Are we too late shouting ‘STOP’ to what is going on in our health services? We are
constantly being reminded of the mess the services are in and if it is not Trolley
figures or Waiting lists numbers being exposed by national and local radio and press
in general we are hearing local stories that are horrific and in the words of our
leaders – ‘unacceptable’. For nearly two decades now Taoiseach after Taoiseach, Minister
for Health after Minister for Health, TD after TD has used the term – unacceptable
- and I have used the term but we all continue to ‘accept’ it. Surely it is time
for us to stand up and say – ‘enough is enough’.
At the moment they can tell us that the Sláinte Care report is on the table and will
bring great reform and sort out all the problems – bunkum. It will never happen as
planned but snippets of it will be implemented and that will just shift the problem
from one area of the Health Services to another and patients will continue to suffer
and die needlessly. This report was presented last year and the Taoiseach was to
appoint the people to implement it and that was to happen in July 2017!!!??? That
has not even been done. But there are bigger questions about this report, which remove
any confidence I might have that it will achieve change.
The report tells us that we will have ‘a universal single-tier health and social
care system where everyone has equitable access to services based on need and not
ability to pay. Over time, everyone will have entitlement to a comprehensive range
of primary, acute and social care services at no cost or reduced cost. The vast majority
of care will be provided in the primary and community settings’. Unless there are
serious and major changes to the way things are done, this will never happen. There
are too many vested interests and the Private sector of the Health provision will
not sit back and see this happen. They tell us they want to shift care out of the
hospitals into primary and community settings yet at the same time they want to ‘expand
hospital capacity and the phased elimination of private care in public hospitals.
Is it not a contradiction to remove services from hospitals and yet expand the hospital
The report does put a strong emphasis on addressing the recruitment and retention
problems currently plaguing the system. The resolution of these problems will be
complex and take time and money but essential if any other reforms are hoped for.
They are hoping for ‘a guarantee of 12 weeks wait for inpatient procedures and 10
weeks for an outpatient appointment’ – why have to wait three months if so much is
being removed from hospitals and why have a 10 week wait for an appointment? They
are certainly not going to challenge this big problem for patients with those expectations.
The report recommends the elimination of private care in public hospitals but also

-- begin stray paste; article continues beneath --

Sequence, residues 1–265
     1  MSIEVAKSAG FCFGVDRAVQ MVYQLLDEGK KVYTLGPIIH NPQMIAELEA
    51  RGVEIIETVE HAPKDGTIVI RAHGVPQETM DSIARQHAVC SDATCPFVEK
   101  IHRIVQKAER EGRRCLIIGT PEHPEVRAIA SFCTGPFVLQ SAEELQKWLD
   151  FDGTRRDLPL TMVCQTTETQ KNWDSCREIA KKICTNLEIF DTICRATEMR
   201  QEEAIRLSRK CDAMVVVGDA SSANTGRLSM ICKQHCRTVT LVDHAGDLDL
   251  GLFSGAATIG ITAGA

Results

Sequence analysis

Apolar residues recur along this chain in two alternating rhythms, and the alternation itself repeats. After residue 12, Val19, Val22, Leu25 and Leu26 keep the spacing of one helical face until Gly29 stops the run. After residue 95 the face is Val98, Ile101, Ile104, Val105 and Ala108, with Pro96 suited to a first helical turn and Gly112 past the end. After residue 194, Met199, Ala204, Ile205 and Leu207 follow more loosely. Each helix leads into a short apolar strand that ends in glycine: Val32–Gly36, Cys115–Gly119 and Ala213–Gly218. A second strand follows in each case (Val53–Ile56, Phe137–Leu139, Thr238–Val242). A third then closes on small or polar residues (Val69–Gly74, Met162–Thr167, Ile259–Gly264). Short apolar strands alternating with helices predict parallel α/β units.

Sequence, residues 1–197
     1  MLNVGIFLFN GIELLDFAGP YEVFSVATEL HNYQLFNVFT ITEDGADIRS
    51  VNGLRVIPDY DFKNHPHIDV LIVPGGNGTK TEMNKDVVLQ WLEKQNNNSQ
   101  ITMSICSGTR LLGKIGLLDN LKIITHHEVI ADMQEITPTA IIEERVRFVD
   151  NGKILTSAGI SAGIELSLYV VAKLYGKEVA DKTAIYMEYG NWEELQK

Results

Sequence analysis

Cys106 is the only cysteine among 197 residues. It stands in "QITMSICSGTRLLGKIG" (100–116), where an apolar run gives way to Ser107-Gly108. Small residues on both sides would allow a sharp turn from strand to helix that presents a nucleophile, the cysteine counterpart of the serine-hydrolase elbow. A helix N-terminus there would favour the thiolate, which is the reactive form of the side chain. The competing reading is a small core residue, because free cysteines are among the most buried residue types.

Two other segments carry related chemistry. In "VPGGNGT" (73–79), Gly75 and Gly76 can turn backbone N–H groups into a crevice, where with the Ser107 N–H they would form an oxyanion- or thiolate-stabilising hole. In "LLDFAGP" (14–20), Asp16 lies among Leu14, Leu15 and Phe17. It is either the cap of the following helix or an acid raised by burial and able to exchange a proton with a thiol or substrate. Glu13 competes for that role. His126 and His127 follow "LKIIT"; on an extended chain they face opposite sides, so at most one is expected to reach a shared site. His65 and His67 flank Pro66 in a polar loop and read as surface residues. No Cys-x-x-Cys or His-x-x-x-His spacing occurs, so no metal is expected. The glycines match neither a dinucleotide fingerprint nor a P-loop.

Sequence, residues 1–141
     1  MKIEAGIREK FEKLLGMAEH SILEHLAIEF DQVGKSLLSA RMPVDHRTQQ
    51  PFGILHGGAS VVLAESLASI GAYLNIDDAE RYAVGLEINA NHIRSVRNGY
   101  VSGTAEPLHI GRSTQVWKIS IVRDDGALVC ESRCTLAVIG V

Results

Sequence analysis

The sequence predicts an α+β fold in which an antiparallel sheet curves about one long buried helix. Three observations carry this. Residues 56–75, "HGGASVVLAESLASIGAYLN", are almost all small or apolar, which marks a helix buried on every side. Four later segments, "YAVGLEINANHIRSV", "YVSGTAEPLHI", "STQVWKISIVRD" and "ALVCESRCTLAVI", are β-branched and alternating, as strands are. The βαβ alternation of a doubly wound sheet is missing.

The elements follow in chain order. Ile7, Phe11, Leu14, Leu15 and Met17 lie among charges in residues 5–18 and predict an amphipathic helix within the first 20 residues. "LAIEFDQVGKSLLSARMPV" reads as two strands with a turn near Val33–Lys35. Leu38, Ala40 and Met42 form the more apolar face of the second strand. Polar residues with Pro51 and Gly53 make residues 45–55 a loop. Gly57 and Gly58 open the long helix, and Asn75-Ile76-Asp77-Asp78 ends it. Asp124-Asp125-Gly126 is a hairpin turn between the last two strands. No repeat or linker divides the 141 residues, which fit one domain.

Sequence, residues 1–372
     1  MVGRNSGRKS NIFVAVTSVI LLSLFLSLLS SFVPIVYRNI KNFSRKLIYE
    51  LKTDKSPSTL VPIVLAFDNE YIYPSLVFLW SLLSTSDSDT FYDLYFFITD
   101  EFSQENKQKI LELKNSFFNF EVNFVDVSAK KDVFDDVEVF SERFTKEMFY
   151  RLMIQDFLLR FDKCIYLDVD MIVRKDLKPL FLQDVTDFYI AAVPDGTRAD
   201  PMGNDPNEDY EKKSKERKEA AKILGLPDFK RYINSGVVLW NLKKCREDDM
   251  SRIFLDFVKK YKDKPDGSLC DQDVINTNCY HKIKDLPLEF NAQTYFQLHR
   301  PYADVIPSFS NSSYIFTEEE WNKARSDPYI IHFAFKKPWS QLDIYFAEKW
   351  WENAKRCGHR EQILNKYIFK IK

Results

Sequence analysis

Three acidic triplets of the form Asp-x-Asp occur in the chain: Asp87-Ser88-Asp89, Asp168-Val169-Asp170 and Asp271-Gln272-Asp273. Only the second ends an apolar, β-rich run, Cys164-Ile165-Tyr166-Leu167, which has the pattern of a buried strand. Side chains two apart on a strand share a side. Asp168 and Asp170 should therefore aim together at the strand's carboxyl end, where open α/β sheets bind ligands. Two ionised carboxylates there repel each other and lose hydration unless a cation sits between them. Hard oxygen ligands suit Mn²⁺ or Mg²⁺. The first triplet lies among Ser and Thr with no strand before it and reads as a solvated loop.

recommends that an impact analysis be carried out to ascertain what impact this will
have on the public system. It is clear that when public hospitals cannot access the
huge money they make from treating private patients at the moment we must ask where
will that funding come from then – the taxpayer no doubt.
‘The HSE in future will become a more strategic “national centre” carrying out national
level functions and regional bodies will be established to ensure timely access to
integrated care, with regional health resource allocation’ – so states the report.
What?? Are we going back to the Health Board system that we found did not work? The
regional bodies will be nothing more than the old Health Boards back in action. I
can also see what would happen here if this were to be introduced – all those working
for the HSE at the moment would retain their jobs, with no work to do, and new personnel
would be taken on to do the regional work and so the quangoes increase again and
more pen pushers and massive salary costs for the taxpayer to pay. A new office ,
The Sláinte Implementation Office, would also be set up to oversee the implementation
of the plan and to ’develop an implementation plan for the reform’!!!! So now another
quango will be set up to come up with another report and a plan for the plan!! And
they will have to get offices and office staff and equipment and water and heat and
Iphones and Ipads and good salaries and all that goes along with a new office set
up and be given time, no doubt ten years or so, to come up with the plan for the
plan!! I ask - have we not got the personnel and the ability from within the Department
of Health and HSE to get the people to do this work. Surely some from Department
and HSE could be appointed to get this plan going as part of their jobs?
The report claims that - the Committee has worked tirelessly in its consideration
of the national and international evidence, through public hearings, facilitated
workshops and in-depth consideration of the evidence’. I ask – did any of you see
or hear of or was invited to attend any public hearing, workshops or meetings to
give your opinion on this matter?
One very clear inkling of the expected failure of this report comes when they say
- ‘Inevitably, members hold different political views on how to achieve the shared
goal of a universal single-tier health system. But all have worked respectfully and
collegiately (sic) over many months to deliver this report’. Yes it has been very
friendly and well-funded but now it becomes a political issue and it will be bandied
about for point scoring and political expediency and sooner or later end up gathering
dust on the shelves of the Minister’s office. Towards the end of the report we are
told that ‘they have not factored in the savings that would be made’ and that is
so laughable when one sees the enormous money needed to put the plan in place and
they talk about ‘saving money’. Oh yes, we waste our breadth.